When serving documents after the legal process has started (which is what this page is concerned with) you do not normally have to file a certificate of service at court, but you should be prepared for the possibility that some dispute may arise in future over whether or on what date you effected service and whether service was by a valid method, and if a dispute arises you may need then to fill in a certificate of service and/or provide a witness statement, so if you post a document it is a good idea to obtain a certificate of posting from the post office (and write on the back of the certificate of posting a list of the documents contained in the envelope or package and also the exact name and address on the envelope or package - as the certificate of posting itself may only have an abbreviated address) so that if, later on, there is a dispute, you have all the details. If you serve documents by hand delivery, make a note of the what documents were enclosed in the envelope or package and the date, time and place of delivery and of the recipient’s name written on the envelope/package. If you serve by email your email system should automatically retain a copy of the sent email with the date and time of sending.

If you engage a process server to deliver for you, you would normally give the documents to the process server and the process server would put them in an envelope and the process server should automatically provide you with a signed certificate of service once they have carried out service. (You could provide the process server with an addressed envelope but the process server has to see the documents being put in it so that the process server can then fill in and sign a certificate of service which confirms what documents were served where when and how.) 


Are there any other ways of serving documents?   

There are some other ways of serving documents but in ordinary circumstances it is best to stick to the above methods. The reason for this is that there are some grey areas in the rules and if you serve a document in some unusual way you run the risk of the other side challenging the validity of the service. If there is a challenge that may mean an extra court hearing just to determine whether service was valid or not and even if the challenge is not successful and the court decides that what you did is valid, you will have suffered worry, delay and extra costs, so it is best to to stick to the above methods and not to cut corners or do anything in an unusual manner.

For example, following the partial deregulation of postal services, the rules - CPR 6.20 - now say that you can serve by "First class post... or other service which provides for delivery on the next business day"  but exactly what provides for delivery on the next business day means is unclear (is it sufficient if an alternative postal service provider simply aims to deliver on the next business day or do you have to prove that they are always or normally successful in achieving that aim?) so if you decide to use the post it is best to stick to using Royal Mail ordinary First Class post.    
 

Can I use a Royal Mail "signed for" service?

Because litigation documents are important, most people who decide to use the post instinctively think that they ought to send them using a "signed for" service but in fact you should use ordinary First Class post and not use a "signed for" service because this is another grey area. If a "signed for service" is used and nobody answers the door when the postman calls, the envelope or package will not be delivered that day. The postman may automatically try again the next day or may put a card through the letter box inviting the recipient to collect it from the delivery office but, either way, it will not have been delivered on the next business day after posting. For this reason even if the postman is successful on the first attempt  it could be argued that service is invalid on the basis that a "signed for" service, even if classed by Royal Mail, as First Class does not come within the meaning of the words "First class post..or other service which provides for delivery on the next business day"  That is to say, it could be argued that as a service it only provides for attempted delivery on the next business day and that the fact that on this occasion it was successfully delivered the next business day does not make it a valid method of service (just as second class post is invalid as a method of service even if the document sent second class does happen to be delivered on the next business day).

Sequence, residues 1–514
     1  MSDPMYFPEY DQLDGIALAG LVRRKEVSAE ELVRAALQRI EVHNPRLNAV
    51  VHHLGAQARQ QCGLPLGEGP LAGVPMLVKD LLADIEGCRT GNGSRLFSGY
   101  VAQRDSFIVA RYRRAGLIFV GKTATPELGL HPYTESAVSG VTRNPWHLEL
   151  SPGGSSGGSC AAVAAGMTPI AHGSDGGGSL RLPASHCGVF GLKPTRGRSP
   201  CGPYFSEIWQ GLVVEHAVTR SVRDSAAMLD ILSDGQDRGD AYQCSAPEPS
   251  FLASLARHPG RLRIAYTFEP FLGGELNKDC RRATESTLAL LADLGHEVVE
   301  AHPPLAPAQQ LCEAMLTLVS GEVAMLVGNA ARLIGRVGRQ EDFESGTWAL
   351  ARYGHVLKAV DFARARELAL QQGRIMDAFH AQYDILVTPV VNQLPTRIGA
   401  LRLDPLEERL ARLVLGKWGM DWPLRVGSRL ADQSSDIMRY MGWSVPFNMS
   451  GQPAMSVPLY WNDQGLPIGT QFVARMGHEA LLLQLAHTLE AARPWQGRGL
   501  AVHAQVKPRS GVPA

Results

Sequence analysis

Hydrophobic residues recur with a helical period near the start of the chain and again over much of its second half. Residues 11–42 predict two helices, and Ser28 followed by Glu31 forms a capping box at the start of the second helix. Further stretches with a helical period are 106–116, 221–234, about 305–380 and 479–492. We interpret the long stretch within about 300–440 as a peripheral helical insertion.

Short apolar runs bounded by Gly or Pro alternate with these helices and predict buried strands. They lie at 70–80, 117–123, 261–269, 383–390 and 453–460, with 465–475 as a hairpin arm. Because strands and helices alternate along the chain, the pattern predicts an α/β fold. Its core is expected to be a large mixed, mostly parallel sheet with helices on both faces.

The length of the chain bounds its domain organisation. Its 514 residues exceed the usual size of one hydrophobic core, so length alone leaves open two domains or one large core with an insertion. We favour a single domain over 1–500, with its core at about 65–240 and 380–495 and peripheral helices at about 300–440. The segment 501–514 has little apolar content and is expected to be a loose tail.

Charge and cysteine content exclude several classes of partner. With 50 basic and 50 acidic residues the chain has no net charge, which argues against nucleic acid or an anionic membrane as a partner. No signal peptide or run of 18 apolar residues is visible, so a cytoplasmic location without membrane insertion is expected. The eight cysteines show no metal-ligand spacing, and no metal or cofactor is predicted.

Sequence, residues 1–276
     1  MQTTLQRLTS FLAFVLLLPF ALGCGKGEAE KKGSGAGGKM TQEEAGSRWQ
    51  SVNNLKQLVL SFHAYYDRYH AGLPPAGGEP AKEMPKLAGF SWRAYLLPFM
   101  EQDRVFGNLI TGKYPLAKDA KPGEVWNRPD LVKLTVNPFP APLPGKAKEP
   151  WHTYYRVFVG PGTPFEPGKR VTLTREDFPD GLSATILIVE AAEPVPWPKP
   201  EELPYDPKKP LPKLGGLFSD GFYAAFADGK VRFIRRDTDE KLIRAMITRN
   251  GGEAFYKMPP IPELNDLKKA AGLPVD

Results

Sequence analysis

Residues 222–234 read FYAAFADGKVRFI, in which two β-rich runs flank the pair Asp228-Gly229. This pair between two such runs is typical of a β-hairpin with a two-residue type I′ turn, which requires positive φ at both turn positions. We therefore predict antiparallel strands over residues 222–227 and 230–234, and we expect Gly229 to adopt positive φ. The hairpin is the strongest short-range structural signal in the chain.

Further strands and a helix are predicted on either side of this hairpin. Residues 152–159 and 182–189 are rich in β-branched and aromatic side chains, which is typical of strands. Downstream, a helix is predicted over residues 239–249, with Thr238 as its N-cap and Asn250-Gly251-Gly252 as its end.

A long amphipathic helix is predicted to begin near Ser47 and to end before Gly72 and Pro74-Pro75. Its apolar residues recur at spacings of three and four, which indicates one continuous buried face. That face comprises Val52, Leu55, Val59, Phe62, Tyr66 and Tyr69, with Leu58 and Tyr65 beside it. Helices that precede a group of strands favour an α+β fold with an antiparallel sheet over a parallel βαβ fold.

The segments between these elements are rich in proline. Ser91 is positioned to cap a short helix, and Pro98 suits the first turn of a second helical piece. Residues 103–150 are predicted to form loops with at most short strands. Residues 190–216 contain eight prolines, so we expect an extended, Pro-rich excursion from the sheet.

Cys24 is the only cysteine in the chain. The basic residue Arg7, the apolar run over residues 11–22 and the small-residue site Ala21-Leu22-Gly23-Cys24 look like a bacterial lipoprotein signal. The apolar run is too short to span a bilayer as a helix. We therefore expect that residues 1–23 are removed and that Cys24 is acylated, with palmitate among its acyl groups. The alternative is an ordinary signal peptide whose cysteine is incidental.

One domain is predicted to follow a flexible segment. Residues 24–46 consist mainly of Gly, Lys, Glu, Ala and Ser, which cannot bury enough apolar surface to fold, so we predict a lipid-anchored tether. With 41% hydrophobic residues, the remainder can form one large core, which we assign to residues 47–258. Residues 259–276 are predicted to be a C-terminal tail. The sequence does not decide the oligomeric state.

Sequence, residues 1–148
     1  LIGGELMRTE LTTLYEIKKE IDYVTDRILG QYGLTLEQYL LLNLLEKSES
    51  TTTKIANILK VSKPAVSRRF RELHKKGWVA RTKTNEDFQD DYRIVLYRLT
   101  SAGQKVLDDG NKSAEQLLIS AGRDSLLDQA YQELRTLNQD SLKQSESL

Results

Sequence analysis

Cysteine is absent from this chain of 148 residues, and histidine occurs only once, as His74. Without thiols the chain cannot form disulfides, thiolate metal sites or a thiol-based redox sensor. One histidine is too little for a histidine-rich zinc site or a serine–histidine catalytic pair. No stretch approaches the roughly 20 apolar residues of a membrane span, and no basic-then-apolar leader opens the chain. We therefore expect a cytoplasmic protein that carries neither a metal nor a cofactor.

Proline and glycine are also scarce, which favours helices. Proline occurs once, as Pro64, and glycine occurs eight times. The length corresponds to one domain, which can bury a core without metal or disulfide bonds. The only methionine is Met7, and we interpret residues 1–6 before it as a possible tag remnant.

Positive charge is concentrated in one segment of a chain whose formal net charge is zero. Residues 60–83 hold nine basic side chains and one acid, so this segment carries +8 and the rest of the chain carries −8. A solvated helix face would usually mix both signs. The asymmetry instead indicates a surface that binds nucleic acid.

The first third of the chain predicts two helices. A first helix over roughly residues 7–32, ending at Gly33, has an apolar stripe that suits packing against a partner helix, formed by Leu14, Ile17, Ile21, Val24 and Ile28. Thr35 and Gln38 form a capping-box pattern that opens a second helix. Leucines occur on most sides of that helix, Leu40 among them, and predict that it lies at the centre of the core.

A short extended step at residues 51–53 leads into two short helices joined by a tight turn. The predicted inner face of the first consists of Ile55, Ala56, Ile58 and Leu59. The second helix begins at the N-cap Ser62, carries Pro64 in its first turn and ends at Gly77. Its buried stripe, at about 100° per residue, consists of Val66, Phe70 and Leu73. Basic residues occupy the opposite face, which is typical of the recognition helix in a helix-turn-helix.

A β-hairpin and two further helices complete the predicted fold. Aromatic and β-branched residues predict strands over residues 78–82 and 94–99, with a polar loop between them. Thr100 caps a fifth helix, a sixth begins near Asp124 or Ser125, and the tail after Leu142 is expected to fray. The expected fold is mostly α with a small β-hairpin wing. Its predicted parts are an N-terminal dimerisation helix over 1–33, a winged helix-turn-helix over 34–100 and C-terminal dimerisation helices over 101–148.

Can I use a courier? 

This is another grey area and is best avoided. If you use a courier that might count as service by post or it might be counted as hand delivery (on the basis that the courier is your agent carrying out delivery on your behalf) but, even if it is valid service, difficulties may arise if service is disputed and evidence needs to be provided. This is because normally if evidence is needed a certificate of service will be filled in and a certificate of service is designed to be filled in and signed by a single individual who has personal knowledge of what is written on the certificate. If you use a courier you will know what documents you put in the package which the courier collected but you will not have personal knowledge of delivery. The courier will have personal knowledge of when and where the package was delivered but will not have personal knowledge of what documents it contained. So normally no single person will have all the personal knowledge necessary to complete and sign the certificate of service.

Can I ask a friend to deliver for me?

The same problems can arise as with a courier so this is best avoided. Service might be valid (on the basis that the friend is delivering as your agent) but there can be difficulties providing evidence of service if it is disputed. 

NOTE: This article is about how to serve a document on another party to the proceedings only. For information about filing the document at the court office (where that is required) see here.

Disclaimer

The information on this page about specific computer techniques is provided for information purposes only. Every reasonable effort has been made to ensure that the information is accurate and up to date at the time it was written but no responsibility for its accuracy, or for any consequences of relying on it, is assumed by me. You should satisfy yourself, before using any of the techniques, software or services described, that the techniques are appropriate for your purposes and that the software or service is reliable.

This information page is designed to be used only by clients of John Antell who have entered into an agreement for the provision of legal services. The information in it is necessarily of a general nature and is intended to be used only in conjunction with specific advice to the individual client about the individual case. This information page should not be used by, or relied on, by anyone else.

This page was lasted updated in October 2017 Disclaimer